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Editor's Viewpoint

Celebrate your culture without adding fuel to sectarian fire

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Messages and posters on the Cregagh bonfire in east Belfast

Messages and posters on the Cregagh bonfire in east Belfast

Messages and posters on the Cregagh bonfire in east Belfast

On the one hand those who oppose the tradition of Eleventh night bonfires are admonished as attempting to deny the right of a cultural celebration.

On the other the images come thick and fast of election posters, Irish flags, hate messages aimed at ‘the other side’.

Everyone has the right to celebrate their culture.

But does it have to be a celebration at the expense of someone who doesn’t share the same opinion?

Sadly we’ve seen it all too often in Northern Ireland.

There have been bonfires set alight with the images and names of prison officers murdered by the IRA, or unionist politicians, of security force members. The Union flag sent up in flames.

And what we had on Monday night was different, only the same. Sinn Fein, SDLP and People Before Profit election posters and KAT slogans (Kill All Taigs). A plethora of “pathetic scrawled messages” and a series of sectarian slurs.

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Some in Northern Ireland still salivate over the distasteful and until that bitterness is diluted, either by proactive political representation or by those who organise and build bonfires of whatever colour, fuel will continue to be added to the flames.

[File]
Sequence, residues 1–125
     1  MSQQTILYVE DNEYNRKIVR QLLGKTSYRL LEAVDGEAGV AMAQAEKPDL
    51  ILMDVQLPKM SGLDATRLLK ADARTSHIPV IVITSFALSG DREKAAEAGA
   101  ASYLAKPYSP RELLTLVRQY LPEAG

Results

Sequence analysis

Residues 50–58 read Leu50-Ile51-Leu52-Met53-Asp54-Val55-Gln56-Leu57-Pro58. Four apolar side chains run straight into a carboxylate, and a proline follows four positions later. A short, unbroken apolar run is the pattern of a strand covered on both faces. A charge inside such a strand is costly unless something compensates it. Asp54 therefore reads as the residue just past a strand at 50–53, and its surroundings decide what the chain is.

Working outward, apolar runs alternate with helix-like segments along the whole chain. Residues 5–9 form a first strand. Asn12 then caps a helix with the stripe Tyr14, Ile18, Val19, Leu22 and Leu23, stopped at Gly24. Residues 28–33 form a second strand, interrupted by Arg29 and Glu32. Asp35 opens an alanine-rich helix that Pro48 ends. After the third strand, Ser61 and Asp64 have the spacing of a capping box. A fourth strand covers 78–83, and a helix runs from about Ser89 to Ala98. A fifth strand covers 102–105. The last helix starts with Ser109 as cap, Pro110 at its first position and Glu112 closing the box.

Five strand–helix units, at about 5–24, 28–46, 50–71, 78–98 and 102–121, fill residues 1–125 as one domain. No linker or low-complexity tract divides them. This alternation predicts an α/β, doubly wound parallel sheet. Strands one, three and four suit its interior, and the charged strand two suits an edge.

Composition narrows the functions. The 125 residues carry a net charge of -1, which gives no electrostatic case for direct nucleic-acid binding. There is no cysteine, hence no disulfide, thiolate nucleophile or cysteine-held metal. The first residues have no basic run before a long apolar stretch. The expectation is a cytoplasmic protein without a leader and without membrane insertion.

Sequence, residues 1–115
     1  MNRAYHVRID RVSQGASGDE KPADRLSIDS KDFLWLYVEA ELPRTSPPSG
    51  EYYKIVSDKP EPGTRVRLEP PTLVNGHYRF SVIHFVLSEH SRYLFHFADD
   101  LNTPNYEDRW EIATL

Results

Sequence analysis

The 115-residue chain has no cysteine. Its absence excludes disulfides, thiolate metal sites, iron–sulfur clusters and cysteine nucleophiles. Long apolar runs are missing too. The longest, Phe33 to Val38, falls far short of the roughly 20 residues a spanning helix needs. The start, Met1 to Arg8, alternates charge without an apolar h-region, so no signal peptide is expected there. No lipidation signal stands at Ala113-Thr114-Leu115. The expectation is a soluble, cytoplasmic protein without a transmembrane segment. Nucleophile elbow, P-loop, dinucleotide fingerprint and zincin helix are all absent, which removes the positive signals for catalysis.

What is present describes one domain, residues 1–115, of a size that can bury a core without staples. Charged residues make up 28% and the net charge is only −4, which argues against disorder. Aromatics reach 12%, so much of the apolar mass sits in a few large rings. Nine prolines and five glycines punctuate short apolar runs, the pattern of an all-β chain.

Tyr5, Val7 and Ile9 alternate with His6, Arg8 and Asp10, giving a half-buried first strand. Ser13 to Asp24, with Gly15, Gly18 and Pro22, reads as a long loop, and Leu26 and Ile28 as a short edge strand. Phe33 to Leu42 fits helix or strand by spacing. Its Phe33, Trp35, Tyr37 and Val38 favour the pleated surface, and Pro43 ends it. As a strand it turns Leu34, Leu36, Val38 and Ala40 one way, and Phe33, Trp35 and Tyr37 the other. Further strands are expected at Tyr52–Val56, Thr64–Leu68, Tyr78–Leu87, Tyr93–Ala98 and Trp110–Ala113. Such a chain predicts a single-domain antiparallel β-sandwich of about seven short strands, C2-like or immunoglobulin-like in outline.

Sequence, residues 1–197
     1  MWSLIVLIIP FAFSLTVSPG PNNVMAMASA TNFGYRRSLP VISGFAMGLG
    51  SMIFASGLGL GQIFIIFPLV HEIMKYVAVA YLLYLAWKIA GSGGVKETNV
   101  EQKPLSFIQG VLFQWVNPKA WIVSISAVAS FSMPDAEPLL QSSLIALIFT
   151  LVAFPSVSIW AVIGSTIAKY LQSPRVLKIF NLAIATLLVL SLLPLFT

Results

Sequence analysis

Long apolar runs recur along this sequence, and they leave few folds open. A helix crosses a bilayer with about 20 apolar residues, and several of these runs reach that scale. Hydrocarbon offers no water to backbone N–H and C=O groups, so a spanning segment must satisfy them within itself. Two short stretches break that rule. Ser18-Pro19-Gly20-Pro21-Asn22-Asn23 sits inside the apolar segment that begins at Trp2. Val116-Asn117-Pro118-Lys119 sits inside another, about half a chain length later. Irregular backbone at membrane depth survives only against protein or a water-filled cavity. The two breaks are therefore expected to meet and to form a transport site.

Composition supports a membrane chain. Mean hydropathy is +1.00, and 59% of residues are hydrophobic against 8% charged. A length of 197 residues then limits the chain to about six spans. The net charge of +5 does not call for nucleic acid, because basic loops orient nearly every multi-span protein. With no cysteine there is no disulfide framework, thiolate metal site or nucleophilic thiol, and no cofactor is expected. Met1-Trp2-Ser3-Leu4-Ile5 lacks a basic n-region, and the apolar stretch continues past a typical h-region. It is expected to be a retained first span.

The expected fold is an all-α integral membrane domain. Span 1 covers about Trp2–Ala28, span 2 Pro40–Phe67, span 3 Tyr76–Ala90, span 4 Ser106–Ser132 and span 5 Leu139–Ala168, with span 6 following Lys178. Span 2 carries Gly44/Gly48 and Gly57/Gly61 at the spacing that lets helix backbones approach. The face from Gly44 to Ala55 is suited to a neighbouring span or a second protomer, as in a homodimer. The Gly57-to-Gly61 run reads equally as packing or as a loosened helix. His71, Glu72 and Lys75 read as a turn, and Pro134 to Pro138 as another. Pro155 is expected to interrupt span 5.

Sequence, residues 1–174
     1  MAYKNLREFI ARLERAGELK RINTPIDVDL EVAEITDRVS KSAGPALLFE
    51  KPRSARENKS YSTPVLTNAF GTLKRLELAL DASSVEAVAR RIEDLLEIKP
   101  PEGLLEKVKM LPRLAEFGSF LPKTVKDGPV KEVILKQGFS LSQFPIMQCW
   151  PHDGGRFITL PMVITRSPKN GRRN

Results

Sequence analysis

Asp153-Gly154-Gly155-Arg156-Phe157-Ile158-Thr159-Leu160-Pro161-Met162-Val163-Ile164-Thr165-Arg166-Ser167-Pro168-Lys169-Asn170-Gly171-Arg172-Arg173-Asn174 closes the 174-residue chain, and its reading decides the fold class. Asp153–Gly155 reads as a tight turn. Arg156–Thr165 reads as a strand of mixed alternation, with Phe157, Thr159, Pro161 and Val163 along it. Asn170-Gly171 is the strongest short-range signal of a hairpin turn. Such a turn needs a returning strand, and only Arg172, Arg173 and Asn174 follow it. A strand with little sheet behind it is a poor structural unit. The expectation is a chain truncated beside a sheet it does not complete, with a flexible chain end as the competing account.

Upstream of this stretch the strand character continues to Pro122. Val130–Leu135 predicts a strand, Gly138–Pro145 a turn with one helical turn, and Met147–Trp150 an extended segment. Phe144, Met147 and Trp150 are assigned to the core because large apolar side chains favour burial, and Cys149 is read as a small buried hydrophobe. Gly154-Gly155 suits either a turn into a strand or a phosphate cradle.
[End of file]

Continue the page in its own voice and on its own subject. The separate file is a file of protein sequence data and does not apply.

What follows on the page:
And all the time these events are billed as ‘fun for all the family’.

The vast majority of those who attend the Twelfth and join in the celebrations want nothing to do with the hatred on display.

The condemnation rightly comes afterwards, but too often the majority stay silent and simply allow it to happen.

There is a poison still leaking from elements and it’s affecting the society in which we all live.

And when you have an elected councillor being asked by his children ‘why are you on a bonfire?’ what hope is there for the next generation?

Whatever our background, whatever out beliefs, we should all be proud of the culture we come from. We should be allowed to celebrate that. But for every culture to be accepted and tolerated perhaps it’s time to take a step away from antagonism and move towards understanding. It’s only through understanding that political and religious barriers can be broken down.

It’s a good thing to be proud of your heritage, but we need a present to be proud of too. And with a little more dignity, perhaps there will be a little more acceptance all round.

Instead all some people do is give cause for retaliation with a constant rubbing of faces in the dirt which does nothing to stop the sectarian cycle so many of us want to get off.


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